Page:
Archive for January, 2019
As a pet owner, sometimes you just need your own space, especially when you have medium dog breeds.
They aren’t small enough to not be intrusive, but they’re large enough to feel their presence. Do you want to get your dog a bed of his own but not sure how? We’ve got a list for that! Continue reading to learn more.
No Floor No More
When selecting a special bed for your pup, you should know your dog’s personality. Some dogs don’t like sleeping on the floor…they’re kinda rare but they exist! For the elite royal group, there are raised dog beds to suit them just fine. Medium dog breeds will enjoy not being on a cold floor.
Wrapped in a Ball
Haven’t you seen popular memes of medium dog breeds squeezing into the bed of a small dog? They’re funny and quite frankly the dogs look comfortable. Sometimes they like to be in smaller spaces. If your pup fits this category, there are bagel/doughnut-shaped beds that will help to perfect their sleeping ball position.
Many dogs like to stretch out so, for those pups, they’d fancy mat beds. These are big square pads that sit directly on the floor. It allows your furry baby to get comfortable and rest in any position they’d like, as long as they’re not on a cold hard floor they’re happy.
There are some dogs who really love to have their own hidden spaces. There’s a bed for that. Check out beds that are made like tents or caves. They can get in there and get their rest and sleep on with no interruptions at all!
No matter the type of bed that you choose, we highly recommend each bed has something that is removable and washable. This is important and will allow you to take off the outer layer and seamlessly pop it in the washing machine to get rid of any dirt or hair that’s been collecting over time.
There’s is one thing for sure, a dog has a strong sense of smell.
It doesn’t matter if they are hybrid puppies or purebred, all dogs possess this strong sense. So basically they can hear better than us and they have an amazing sense of smell! How much do you know about a dog’s nose? To learn more, continue reading.
Their sense of smell is stronger than ours.
When it comes to the sensitivity of a dog’s nose, you should know that they beat humans in this category, hands down! There’s no getting around it. Sure there are variables that contribute to what they can smell, but facts are facts. There’s a cool analogy that sheds light on just how strong they are. When you walk into a doughnut shop, you smell the sweet glaze on doughnuts or coffee scents. If one of your hybrid puppies walked into the same shop, he’d smell the ingredients of the sweet glazed doughnut. Makes sense?
…to dogs that is. Even though you’ve showered and sprayed your smell goods all around you, to a dog it’s putrid! We are stinky to them, but they love us regardless, as do we to them!
There’s no tricking a dog’s scent.
Research has shown that a dog’s sense of smell can easily pick up on and detect anxiety, fear, and sadness. An increased heart rate and blood flow are normally accompanied by fear or anxiety. When this happens our body chemicals rise more quickly to the surface of the skin and guess what…your dog smells that! So, if you’re feeling anxious and try to brush it off with a smile around your dog, don’t think for a second that they’re buying it. They’ve already sniffed you out!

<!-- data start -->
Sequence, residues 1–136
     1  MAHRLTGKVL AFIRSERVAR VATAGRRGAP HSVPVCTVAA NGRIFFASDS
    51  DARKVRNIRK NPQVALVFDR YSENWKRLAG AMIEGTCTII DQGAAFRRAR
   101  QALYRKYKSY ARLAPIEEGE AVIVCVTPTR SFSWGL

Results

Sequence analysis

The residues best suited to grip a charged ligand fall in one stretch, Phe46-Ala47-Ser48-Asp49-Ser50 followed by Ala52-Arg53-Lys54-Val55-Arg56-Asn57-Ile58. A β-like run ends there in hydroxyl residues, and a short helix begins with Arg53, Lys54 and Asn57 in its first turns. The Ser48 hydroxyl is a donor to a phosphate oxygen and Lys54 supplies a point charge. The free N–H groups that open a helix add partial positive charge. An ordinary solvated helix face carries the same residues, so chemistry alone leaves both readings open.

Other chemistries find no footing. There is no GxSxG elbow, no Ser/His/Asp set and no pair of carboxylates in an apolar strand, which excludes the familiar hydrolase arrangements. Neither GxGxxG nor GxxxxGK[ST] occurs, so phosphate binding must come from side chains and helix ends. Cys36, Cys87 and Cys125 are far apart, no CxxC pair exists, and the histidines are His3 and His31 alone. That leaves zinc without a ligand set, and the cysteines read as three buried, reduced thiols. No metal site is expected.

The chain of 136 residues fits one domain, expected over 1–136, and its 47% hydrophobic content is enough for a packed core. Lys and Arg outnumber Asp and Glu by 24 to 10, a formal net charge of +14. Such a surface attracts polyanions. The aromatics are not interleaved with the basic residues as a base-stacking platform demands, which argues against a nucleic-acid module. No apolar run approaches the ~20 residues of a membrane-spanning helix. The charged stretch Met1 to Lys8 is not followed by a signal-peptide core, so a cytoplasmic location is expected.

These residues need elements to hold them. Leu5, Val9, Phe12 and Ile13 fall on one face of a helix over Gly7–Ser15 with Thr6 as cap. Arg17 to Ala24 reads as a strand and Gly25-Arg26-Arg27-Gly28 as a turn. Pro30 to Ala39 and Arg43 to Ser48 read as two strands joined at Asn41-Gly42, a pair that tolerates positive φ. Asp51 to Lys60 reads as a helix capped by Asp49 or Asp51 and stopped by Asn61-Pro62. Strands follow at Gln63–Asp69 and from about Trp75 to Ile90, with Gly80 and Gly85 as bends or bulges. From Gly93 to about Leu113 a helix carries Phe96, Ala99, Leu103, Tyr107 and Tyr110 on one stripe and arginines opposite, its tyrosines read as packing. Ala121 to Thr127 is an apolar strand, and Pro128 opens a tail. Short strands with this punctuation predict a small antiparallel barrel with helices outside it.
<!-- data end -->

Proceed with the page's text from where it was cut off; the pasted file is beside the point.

Did you know a dog’s nose has two functions?
This is true! One function is for smell and the other is for respiration. If you’ve got hybrid puppies or purebred ones, it’s all the same. The dog’s nose has the ability to separate air. A portion goes directly to the olfactory sensing area (for scents), and the other portion is dedicated strictly to breathing.
They breathe in and out simultaneously.
Dogs also have the interesting ability to breathe in and let out air at the same time! When a dog is sniffing, it creates a circulation of air, unlike with humans. We can do one other the other but not at the same time.
For as long as you can remember, there’s always been a distinction between the age of a dog in “dog years” versus that of human years.
Are you ready to really learn how old is a dog in human years and if that really means anything? As always, we are going to shed light on another dog topic that has people talking. Keep reading to learn more.
The First Year
As much as there is an easy topic that compares the age of dogs to the age of humans, we know that it’s a controversial subject. What is commonly circulated is that for every human year, there are 7 dog years in comparison. The reality is that it doesn’t matter the breed, all dogs will develop and age very similar to 15 human years in their first year of life. You read that right. In the first 5 months, your pup will lose teeth and by seven months old, they will have all of their adult teeth.
The “Terrible Twos”
Once again, as in the first year, the second year of your pup’s life will be the same regardless of the breed or size. They will all age pretty much at the same rate, with little variants. During the “terrible twos” your dog will age a total of 9 human years. So how old is a dog in human years? This means that after only 2 years, your dog is already past the human legal drinking age and well into their mid-20s!
Small dog breeds grow much faster out of the puppy stage than larger dogs but they will eventually catch up to them. Large dogs reach middle age faster than small dogs.
In your dog’s fifth year of living in the big world, this is when they start a little more rapidly. Small dogs weighing 20 pounds or less are approximately 40 in human years while they are only 6 in dog years. For larger dogs, add 2 more years.
If you can believe it, after only 6 years of living, your dog will technically be considered a senior dog. They will continue to age anywhere from 3 to 5 years over just 1 human year.